It's kinda cool how a $5 VPS (Linode Nanode) is able to run a vanilla Minecraft Spigot server for like 6-7 people and still can serve some basic stuff just fine. I get monitoring warnings about >90% CPU usage sometimes, but everything is more or less lagless.
Time to try hosting some other games: CS1.6, Doom Classic, and UT2004 up next.6
Overall, pretty good actually compared to the alternatives, which is why there's so much competition for dev jobs.
On the nastier end of things you have the outsourcing pools, companies which regularly try to outbid each other to get a contract from an external (usually foreign) company at the lowest price possible. These folks are underpaid and overworked with absolutely terrible work culture, but there are many, many worse things they could be doing in terms of effort vs monetary return (personal experience: equally experienced animator has more work and is paid less). And forget everything about focus on quality and personal development, these companies are here to make quick money by just somehow doing what the client wants, I'm guessing quite a few of you have experienced that :p
Startups are a mixed bag, like they are pretty much everywhere in the world. You have the income tax fronts which have zero work, the slave driver bossman ones, the dumpster fires; but also really good ones with secure funding, nice management, and cool work culture (and cool work, some of my friends work at robotics startups and they do some pretty heavy shit).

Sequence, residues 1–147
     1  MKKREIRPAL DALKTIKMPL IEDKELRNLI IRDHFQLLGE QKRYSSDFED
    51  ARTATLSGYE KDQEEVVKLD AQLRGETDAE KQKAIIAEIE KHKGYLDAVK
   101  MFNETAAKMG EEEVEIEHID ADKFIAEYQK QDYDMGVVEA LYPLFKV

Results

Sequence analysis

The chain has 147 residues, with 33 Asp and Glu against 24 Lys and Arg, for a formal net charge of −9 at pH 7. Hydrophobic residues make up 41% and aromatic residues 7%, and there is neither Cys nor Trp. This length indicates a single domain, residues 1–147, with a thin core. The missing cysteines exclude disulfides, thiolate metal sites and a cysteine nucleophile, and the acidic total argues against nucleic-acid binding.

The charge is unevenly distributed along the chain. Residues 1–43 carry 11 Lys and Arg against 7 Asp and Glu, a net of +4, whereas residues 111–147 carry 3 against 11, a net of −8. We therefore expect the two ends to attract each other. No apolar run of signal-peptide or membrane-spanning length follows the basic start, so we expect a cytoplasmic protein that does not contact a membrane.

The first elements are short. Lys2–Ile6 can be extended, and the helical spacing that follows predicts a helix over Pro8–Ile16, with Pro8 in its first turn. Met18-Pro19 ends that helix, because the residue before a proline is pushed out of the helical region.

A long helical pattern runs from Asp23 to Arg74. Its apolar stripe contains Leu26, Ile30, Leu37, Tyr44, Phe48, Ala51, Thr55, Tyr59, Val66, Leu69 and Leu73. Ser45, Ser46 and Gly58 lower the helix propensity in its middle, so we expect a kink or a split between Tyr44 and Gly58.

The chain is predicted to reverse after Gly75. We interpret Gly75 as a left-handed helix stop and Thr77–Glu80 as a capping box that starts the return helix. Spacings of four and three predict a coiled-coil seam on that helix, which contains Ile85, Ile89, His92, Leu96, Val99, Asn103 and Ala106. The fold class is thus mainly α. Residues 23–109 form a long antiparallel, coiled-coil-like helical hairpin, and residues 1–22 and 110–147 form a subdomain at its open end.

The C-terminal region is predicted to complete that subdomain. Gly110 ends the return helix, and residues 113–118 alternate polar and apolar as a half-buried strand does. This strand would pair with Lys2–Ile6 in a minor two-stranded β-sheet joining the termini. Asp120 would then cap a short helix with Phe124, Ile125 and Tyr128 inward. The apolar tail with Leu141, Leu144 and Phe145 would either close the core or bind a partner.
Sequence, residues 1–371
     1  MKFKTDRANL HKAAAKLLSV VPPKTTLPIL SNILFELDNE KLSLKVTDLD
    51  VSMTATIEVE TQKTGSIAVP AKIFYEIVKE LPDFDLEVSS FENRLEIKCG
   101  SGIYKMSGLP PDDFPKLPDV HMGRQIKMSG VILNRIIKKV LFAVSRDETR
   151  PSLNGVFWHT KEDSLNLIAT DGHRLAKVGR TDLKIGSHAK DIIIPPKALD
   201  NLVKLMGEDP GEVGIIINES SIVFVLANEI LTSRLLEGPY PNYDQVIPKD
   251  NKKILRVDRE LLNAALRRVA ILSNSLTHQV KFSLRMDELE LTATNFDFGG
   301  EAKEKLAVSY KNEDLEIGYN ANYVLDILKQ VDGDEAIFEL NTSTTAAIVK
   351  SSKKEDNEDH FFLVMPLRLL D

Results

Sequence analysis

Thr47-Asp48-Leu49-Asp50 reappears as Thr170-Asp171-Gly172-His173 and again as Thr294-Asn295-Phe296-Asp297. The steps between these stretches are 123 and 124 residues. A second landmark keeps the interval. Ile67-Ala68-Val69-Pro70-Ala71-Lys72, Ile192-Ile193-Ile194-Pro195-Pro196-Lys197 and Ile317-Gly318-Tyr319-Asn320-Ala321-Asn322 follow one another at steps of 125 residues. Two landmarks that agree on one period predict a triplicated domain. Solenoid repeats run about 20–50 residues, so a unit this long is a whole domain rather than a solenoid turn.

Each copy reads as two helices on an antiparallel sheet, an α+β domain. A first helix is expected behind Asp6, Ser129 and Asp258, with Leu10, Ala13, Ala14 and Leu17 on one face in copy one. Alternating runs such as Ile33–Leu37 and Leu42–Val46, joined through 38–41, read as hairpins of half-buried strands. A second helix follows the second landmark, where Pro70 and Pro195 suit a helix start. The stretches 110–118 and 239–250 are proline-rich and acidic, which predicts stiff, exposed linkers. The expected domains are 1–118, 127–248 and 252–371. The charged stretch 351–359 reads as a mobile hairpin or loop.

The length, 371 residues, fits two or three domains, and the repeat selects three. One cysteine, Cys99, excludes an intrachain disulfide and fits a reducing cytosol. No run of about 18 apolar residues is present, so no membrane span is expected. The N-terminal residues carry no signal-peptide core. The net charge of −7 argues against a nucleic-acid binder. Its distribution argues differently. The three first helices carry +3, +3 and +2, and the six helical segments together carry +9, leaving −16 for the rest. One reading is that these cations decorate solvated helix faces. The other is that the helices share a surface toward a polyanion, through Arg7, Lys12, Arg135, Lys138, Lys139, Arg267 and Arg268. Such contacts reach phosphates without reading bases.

Government agencies are also a mixed bag, they're secure with low-ish pay but usually don't have much or very exciting work, and the stuff they turn out is usually sub-par because of bad management and no drive from higher-ups.
Big corporates are pretty cool, they pay very well, have meaningful(?) work, and good work culture, and they're better managed in general than the other categories. A lot of people aim for these because of the pay, stability, networking, and resume building. Some people also use them as stepping stones to apply for courses abroad.
Research work is pretty disappointing overall, the projects here usually lack some combination of funding, facilities, and ambition; but occasionally you come across people doing really cool stuff so eh.
There's a fair amount of competition for all of these categories, so students spend an inordinate amount of time on stuff like competitive programming which a lot of companies use for hiring because of the volume of candidates.
All this is from my experience and my friends', YMMV.1
How do you guys prefer to hide the API keys you use in your (native) Android apps?
I'm an Android noob and the app I'm building uses some NLP services which are accessed through a key. I searched around and found a few techniques (obfuscation, serverside storage, etc.), just wanted to know what you folks recommend.5
Is a used ThinkPad T440/440s (or T430) worth it right now? Assume that it's powerful enough to run whatever I need, and weight isn't really a concern because it's going to spend most of the time sitting on a desk or in the library where the extended battery will come in handy.